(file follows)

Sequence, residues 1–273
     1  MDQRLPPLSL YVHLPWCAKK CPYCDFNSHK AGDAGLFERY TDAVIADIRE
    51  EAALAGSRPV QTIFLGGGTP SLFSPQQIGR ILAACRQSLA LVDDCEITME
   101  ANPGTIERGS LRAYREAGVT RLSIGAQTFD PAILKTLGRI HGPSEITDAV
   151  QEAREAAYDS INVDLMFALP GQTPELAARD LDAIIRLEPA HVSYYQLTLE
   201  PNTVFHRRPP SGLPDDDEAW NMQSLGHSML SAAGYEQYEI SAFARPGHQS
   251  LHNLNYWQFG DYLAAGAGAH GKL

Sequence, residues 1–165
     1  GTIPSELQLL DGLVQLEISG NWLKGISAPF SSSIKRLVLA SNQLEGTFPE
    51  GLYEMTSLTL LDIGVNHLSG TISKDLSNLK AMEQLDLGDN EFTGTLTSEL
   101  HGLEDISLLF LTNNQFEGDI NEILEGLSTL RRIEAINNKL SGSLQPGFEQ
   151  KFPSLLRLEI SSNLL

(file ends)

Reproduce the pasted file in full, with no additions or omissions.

Sequence, residues 1–273
     1  MDQRLPPLSL YVHLPWCAKK CPYCDFNSHK AGDAGLFERY TDAVIADIRE
    51  EAALAGSRPV QTIFLGGGTP SLFSPQQIGR ILAACRQSLA LVDDCEITME
   101  ANPGTIERGS LRAYREAGVT RLSIGAQTFD PAILKTLGRI HGPSEITDAV
   151  QEAREAAYDS INVDLMFALP GQTPELAARD LDAIIRLEPA HVSYYQLTLE
   201  PNTVFHRRPP SGLPDDDEAW NMQSLGHSML SAAGYEQYEI SAFARPGHQS
   251  LHNLNYWQFG DYLAAGAGAH GKL

Sequence, residues 1–165
     1  GTIPSELQLL DGLVQLEISG NWLKGISAPF SSSIKRLVLA SNQLEGTFPE
    51  GLYEMTSLTL LDIGVNHLSG TISKDLSNLK AMEQLDLGDN EFTGTLTSEL
   101  HGLEDISLLF LTNNQFEGDI NEILEGLSTL RRIEAINNKL SGSLQPGFEQ
   151  KFPSLLRLEI SSNLL